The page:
A hacker group sells data from 10 companies, including the online dating app Zoosk, the US newspaper Star Tribune and the Food Delivery Service Chef, which has over 73 million user records on the Dark Web for $ 18,000 ( almost 13.6 lakh).

Other companies print chatbooks, the South Korean fashion platform SocialShare, the online marketplace Minted, the online newspaper Chronicle of Higher Education, the South Korean furniture magazine GGuMim, the health magazine Mindful and the Indonesian online shop Bhinneka, reports ZDNet.

The databases listed have 73.2 million user records, with each database sold separately.

The hacker group is known as ShinyHunters, the same group behind the breach of private repositories on Microsoft’s GitHub (the hacker probably bought around 1,200 private repositories) and Tokopedia, Indonesia’s largest online store, which contains a database of over 90 Millions of user records have been sold.

A Microsoft spokesman was quoted as saying that the company is investigating the incident. The same hacker group also sold a database of 22 million user records from the online learning platform Unacademy on the Dark Web.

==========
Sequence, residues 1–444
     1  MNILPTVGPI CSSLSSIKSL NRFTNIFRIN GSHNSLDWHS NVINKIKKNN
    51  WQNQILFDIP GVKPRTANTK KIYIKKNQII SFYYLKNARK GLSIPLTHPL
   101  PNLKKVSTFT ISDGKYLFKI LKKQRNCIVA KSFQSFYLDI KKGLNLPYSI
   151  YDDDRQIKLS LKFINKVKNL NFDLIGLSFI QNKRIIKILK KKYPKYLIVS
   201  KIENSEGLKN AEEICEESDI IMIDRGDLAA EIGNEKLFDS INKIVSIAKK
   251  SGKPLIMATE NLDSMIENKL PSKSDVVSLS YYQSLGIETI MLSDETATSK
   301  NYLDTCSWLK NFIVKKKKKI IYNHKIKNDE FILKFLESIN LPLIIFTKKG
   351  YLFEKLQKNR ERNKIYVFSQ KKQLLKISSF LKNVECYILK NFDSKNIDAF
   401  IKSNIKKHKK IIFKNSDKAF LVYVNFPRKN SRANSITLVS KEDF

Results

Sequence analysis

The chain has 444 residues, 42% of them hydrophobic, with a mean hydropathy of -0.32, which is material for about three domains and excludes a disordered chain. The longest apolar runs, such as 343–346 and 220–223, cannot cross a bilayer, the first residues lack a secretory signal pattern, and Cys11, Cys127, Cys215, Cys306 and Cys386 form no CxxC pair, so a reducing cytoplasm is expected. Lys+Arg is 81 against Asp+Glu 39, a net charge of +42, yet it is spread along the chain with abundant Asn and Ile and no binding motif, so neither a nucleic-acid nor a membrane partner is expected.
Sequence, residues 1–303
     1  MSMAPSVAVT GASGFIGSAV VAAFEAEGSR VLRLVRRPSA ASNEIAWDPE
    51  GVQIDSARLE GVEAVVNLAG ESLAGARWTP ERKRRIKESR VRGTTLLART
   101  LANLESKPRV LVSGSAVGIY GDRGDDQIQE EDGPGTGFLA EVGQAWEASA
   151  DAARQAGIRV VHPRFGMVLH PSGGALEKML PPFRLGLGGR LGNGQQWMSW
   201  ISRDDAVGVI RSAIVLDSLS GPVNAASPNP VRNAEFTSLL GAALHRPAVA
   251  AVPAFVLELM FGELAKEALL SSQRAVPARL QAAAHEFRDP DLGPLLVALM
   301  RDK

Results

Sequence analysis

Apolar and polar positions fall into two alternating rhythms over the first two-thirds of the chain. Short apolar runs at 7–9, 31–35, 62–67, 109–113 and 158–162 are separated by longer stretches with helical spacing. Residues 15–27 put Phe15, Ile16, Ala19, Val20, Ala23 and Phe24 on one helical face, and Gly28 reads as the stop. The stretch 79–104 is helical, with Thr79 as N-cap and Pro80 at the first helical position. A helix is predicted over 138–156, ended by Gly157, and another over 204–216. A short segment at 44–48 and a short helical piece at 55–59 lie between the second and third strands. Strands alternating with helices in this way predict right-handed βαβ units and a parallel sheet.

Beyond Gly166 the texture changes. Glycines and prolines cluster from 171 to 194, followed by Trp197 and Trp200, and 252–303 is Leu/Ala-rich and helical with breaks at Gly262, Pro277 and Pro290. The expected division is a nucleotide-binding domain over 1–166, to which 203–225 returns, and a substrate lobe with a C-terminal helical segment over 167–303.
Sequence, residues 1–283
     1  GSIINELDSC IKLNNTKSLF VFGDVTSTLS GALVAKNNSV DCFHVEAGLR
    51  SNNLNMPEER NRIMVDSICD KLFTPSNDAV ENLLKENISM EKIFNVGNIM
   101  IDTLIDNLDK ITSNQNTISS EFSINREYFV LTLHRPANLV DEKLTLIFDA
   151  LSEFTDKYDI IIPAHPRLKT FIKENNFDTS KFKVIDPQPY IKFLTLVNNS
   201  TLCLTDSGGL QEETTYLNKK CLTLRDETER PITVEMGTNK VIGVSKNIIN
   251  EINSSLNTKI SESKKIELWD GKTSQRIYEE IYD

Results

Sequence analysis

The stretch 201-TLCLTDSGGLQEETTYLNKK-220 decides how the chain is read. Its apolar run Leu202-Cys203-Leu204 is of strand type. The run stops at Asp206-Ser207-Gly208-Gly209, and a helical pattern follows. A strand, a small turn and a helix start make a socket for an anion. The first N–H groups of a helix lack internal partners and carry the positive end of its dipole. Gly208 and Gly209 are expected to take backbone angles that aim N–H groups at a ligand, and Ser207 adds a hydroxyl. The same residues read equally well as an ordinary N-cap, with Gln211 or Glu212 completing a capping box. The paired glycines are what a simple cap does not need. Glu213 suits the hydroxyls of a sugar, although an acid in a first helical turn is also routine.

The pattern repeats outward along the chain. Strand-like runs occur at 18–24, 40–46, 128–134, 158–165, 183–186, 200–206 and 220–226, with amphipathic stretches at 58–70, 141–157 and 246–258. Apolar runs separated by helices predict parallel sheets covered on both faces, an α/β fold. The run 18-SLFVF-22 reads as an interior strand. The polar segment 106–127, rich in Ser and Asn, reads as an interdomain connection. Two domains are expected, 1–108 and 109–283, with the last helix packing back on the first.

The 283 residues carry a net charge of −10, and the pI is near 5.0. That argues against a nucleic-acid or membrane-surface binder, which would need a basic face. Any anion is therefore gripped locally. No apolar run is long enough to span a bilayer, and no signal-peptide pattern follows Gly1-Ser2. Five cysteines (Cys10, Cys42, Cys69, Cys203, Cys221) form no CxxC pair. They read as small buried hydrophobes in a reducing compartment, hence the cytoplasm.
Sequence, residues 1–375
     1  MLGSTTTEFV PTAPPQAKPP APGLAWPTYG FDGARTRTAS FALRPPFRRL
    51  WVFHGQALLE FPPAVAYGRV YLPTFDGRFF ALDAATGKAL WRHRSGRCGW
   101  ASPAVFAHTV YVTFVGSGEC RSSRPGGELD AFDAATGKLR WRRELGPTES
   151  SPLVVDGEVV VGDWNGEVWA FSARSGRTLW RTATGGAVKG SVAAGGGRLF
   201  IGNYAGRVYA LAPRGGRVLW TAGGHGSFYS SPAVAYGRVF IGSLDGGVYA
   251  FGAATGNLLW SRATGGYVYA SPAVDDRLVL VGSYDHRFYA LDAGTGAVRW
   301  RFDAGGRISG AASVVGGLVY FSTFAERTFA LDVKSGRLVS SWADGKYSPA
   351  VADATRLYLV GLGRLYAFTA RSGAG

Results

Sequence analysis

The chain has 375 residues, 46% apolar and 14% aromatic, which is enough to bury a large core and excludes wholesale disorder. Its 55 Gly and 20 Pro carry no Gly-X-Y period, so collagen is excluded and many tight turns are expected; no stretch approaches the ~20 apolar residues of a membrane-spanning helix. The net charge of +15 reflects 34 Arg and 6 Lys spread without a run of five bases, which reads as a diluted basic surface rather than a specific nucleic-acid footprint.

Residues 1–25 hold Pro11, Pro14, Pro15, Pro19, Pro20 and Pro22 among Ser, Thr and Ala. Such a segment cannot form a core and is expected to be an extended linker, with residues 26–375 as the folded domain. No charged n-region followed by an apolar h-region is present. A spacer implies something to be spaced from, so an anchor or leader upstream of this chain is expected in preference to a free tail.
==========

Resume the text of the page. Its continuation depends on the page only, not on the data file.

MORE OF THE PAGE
Bengaluru-based edtech company Unacademy said that all of its users’ sensitive data is secure and the company is addressing the security issue.

“We want to assure our users that no sensitive information such as financial information or location has been breached,” said Hemesh Singh, co-founder and CTO of the Unacademy.

Encouraged by the profits from the Tokopedia sale, the same group has now listed the databases of 10 other companies.

“Some believe that the ShinyHunters group has ties to Gnosticplayers, a hacker group that was active last year and has sold more than a billion user credentials in dark web marketplaces because it operates in an almost identical pattern,” said it in the report..